An argument in which one premise is not explicitly stated.
- ‘In this enthymeme, the major premise of the complete syllogism is missing.’
- ‘He used enthymemes because they are an especially effective form of argument.’
- ‘It relies heavily on enthymemes, which Aristotle regards as most suitable to forensic speech.’
- ‘Further, Aristotle distinguishes between enthymemes taken from probable premises and enthymemes taken from signs (sêmeia).’
- ‘The enthymeme, far from being a means of audience participation as some critics have suggested, is a mechanism for the interpellation of the audience into a kind of scripted rationality.’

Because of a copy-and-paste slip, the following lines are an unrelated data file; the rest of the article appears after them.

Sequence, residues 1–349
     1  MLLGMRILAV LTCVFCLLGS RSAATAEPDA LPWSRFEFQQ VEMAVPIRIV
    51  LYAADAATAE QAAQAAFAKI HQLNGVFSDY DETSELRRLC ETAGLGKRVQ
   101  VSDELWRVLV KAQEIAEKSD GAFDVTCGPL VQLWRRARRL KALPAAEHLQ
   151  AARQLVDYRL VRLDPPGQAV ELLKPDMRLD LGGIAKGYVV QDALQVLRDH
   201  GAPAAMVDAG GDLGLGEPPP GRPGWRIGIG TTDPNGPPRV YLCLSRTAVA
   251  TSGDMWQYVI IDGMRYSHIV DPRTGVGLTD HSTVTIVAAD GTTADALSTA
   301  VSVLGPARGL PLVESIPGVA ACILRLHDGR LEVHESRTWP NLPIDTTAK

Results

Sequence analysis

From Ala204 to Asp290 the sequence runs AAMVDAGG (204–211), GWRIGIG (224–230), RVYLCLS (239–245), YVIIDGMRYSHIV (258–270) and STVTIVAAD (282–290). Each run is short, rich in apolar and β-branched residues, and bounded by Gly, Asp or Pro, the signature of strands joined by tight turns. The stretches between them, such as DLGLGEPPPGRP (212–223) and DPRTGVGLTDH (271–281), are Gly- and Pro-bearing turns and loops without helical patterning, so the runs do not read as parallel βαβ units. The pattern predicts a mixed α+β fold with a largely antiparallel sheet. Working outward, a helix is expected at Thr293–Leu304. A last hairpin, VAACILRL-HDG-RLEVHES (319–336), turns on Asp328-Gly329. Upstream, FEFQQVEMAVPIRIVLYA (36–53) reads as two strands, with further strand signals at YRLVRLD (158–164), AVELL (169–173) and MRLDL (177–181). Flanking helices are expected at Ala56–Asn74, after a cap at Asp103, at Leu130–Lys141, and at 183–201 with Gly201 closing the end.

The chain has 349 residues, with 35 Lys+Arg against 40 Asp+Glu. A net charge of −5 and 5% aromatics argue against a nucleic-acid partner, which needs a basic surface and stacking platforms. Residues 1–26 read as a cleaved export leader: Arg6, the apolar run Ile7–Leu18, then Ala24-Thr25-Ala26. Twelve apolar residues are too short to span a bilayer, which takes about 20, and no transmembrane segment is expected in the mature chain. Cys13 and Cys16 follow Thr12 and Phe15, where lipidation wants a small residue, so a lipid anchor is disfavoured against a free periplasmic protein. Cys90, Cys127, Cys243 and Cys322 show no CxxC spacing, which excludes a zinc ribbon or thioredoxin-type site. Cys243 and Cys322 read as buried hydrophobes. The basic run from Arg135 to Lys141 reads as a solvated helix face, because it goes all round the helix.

Mid 16th century: via Latin from Greek enthumēma, from enthumeisthai ‘consider’, from en- ‘within’ + thumos ‘mind’.
We take a look at several popular, though confusing, punctuation marks.